Push to get Capel residents to entice mosquitoes as bugs bug WA’s coastal group


Mosquitoes have been troubling parts of South West WA so much that one shire is looking at launching a citizen science project to address the issue.

Key points:

  • Shire of Capel says mosquitoes are significantly impacting the lives of the residents
  • It is looking at incentivising ratepayers to trap and count mosquito numbers
  • Virologist says citizen science projects must be done in collaboration with universities and experts to be effective

Capelshire President Doug Kitchen says the insects plague communities across Stratham, Gelorup and south of Dalyellup.

“Some people reckon [the mosquitoes] can block out the sun,” Councilor Kitchen said.

“It’s pretty bad, in my opinion.”

After a special electors’ meeting in October 2021, the shire is now considering discouraging ratepayers to trap and count the mosquitoes.

“We found out during the electors’ meeting that the mosquitoes are having a significant impact on the lifestyle of the people in the area,” he said.

“We’re looking into a program that would enable citizens to capture, count and collect data relating to the mosquito population and distribution in that area.”

Mr Kitchen believed this could help determine the extent of the problem and ultimately lead to a solution.

While the shire has been working with the Department of Health to manage the mosquito hotspot of Muddy Lakes in Stratham, Mr Kitchen said mapping insect numbers with the help of residents could better aid in fixing the problem.

“We’re looking into … incentivising people with a [rate] rebate or something along those lines to help with the purchase of the mosquito-trapping equipment,” he said.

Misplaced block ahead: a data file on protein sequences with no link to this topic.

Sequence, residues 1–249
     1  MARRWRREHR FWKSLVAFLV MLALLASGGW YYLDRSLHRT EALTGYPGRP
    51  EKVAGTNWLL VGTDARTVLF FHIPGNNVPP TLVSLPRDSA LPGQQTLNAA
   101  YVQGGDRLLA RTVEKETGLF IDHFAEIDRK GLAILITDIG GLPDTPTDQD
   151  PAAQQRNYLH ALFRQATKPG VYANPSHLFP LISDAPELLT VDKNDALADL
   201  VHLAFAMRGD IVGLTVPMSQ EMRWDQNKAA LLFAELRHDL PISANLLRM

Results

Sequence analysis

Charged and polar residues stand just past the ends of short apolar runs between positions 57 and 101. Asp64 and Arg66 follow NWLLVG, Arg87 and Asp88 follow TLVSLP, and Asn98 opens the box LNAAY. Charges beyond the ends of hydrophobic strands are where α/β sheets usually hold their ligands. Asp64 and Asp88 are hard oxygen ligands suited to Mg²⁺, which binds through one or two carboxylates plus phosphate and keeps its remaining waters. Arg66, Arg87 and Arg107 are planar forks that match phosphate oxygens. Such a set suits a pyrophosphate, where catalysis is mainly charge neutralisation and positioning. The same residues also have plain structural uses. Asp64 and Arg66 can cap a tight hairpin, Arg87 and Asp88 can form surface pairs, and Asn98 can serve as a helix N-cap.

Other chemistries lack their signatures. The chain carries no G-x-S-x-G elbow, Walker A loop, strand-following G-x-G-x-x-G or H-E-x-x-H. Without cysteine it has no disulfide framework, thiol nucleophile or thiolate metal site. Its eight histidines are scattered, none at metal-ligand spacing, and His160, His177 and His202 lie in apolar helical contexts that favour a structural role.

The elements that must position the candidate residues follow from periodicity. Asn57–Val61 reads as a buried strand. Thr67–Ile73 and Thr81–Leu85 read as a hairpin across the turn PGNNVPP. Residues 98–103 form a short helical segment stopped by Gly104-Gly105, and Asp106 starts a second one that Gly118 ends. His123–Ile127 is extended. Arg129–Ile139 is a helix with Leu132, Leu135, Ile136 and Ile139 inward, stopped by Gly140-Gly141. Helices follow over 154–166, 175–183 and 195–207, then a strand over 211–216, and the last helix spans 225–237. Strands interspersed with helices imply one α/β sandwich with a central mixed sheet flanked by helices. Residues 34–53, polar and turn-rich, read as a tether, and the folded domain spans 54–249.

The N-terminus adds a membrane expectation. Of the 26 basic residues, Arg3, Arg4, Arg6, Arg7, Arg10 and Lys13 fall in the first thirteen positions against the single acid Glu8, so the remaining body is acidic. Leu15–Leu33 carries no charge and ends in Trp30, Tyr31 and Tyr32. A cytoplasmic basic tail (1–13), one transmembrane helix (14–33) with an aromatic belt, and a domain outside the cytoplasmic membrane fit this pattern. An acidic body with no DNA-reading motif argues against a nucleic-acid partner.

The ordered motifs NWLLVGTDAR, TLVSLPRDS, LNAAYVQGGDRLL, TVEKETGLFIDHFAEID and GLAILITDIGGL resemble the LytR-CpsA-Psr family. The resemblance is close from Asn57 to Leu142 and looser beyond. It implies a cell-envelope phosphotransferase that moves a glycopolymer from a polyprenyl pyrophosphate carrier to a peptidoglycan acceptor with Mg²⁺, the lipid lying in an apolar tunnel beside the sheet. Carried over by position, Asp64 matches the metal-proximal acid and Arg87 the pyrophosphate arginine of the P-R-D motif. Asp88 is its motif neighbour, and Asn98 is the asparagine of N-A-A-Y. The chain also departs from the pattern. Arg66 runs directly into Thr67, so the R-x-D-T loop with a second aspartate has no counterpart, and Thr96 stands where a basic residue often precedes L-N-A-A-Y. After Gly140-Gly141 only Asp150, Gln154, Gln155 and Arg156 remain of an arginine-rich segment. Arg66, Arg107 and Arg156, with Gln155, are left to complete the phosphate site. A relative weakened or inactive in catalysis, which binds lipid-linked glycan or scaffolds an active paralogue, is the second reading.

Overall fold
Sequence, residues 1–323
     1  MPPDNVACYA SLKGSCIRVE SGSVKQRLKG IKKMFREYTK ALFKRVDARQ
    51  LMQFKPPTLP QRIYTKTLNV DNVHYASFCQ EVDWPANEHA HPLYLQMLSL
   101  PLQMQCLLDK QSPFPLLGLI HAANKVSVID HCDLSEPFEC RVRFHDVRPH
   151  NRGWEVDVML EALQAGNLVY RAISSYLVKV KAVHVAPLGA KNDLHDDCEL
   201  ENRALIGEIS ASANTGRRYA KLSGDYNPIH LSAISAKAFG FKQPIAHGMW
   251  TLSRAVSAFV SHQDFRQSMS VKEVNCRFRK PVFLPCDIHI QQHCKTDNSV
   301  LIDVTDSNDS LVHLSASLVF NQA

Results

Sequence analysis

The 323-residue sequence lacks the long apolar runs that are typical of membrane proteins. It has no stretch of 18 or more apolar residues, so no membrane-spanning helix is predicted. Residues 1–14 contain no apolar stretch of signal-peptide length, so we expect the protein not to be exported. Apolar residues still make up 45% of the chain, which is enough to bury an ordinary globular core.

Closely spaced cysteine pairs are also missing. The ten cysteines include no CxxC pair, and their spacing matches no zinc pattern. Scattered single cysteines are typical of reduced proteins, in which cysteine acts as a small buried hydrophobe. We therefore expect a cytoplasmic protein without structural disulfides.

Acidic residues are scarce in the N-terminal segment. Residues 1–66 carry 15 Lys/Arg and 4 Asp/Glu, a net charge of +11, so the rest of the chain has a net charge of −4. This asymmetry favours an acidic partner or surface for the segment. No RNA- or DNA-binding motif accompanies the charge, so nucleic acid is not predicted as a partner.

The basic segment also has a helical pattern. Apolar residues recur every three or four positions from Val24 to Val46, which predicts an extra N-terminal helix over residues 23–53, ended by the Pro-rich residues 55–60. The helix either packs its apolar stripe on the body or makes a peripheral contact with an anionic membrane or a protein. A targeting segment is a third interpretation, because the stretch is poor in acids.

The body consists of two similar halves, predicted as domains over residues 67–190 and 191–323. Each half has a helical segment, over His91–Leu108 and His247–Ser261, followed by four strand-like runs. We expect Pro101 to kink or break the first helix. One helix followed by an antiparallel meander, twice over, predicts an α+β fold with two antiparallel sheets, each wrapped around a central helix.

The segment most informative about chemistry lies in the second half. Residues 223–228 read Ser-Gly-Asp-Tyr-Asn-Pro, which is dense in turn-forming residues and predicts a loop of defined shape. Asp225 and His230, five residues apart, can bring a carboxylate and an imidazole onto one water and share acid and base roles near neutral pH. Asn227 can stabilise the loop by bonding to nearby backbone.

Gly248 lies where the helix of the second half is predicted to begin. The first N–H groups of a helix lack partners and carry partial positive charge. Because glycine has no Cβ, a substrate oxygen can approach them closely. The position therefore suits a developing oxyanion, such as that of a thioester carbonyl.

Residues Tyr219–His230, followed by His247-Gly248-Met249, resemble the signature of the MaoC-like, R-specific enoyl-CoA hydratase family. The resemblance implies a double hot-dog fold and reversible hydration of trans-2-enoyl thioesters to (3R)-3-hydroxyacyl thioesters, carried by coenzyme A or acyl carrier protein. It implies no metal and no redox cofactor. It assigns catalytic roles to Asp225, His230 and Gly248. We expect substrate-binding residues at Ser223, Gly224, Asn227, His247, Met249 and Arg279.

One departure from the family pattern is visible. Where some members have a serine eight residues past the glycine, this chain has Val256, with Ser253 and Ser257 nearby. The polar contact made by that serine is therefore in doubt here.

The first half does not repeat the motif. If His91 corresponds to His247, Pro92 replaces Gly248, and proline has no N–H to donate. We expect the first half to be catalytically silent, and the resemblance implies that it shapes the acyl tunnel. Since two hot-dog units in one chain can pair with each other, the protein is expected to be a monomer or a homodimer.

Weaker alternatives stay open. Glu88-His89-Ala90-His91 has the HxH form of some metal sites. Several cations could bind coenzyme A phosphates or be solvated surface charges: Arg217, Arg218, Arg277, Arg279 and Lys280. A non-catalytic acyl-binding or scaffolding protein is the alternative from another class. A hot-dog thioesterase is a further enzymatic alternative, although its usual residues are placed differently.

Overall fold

Not just any bug

While mosquitoes are one of the deadliest creatures in the world, you are extremely unlikely to be killed by one in the South West.

In the past month, there have been one death and seven hospitalizations from acute encephalitis associated with mosquito-borne viruses in South Australia.

Meanwhile, in the South West, Capel resident Mark Wiltshire said he had been suffering from symptoms of Ross River virus for the past 14 months after contracting it in Peppermint Beach.

During this time, he has suffered from fatigue, aches, pains, fevers, and headaches.

“You’ve heard about long COVID – it’s similar,” he said.

Virology professor Roy Hall says Ross River virus can be very debilitating.(supplies)

University of Queensland professor of virology Roy Hall said the virus was one of the biggest problems mosquitoes presented in the South West.

“Pretty much everybody who gets Ross River recovers, but it can be very debilitating. You can’t work. You can’t even walk at times,” he said.

“You can develop polyarthritis, which affects smaller joints in the feet, fingers, ankles and knees.”

Professor Hall said this kind of arthritis was prolonged, painful and debilitating.

“Most people recover in six weeks to two months,” he said.

“Some say they suffered for years, but that’s not common.”

While places like Queensland were more at risk, Mr Hall said there were times when the South West had all the right conditions and enough water lying around to see it there.

He said the aedes vigilax and aedes camptorhynchus were key mosquito species to look out for.

“It’s an interesting combination between two related species that ramp up this transmission for outbreaks,” he said.

“One of them initiates the outbreak, and the other one maintains it.

“That’s generally how it works.”

Citizen scientists can help, but need direction

A neck-down photo of a person wearing a green hi-viz vest holding a white mosquito trap. Professor Hall says citizen scientists must work with experts for the project to work.(ABC News: Nicolas Perpitch)

For citizen scientists to help address the mosquito problem in Capel, Mr Hall said they would need to work in collaboration with a university and experts who could help identify and study the mosquito species being collected.

“That’s important. Otherwise, they could be wasting their time,” he said.

“It’s not easy to identify a mosquito species unless you’ve had training.

“Once you’ve had the training by experts, you can do it, but that is something that is a bit tricky.”

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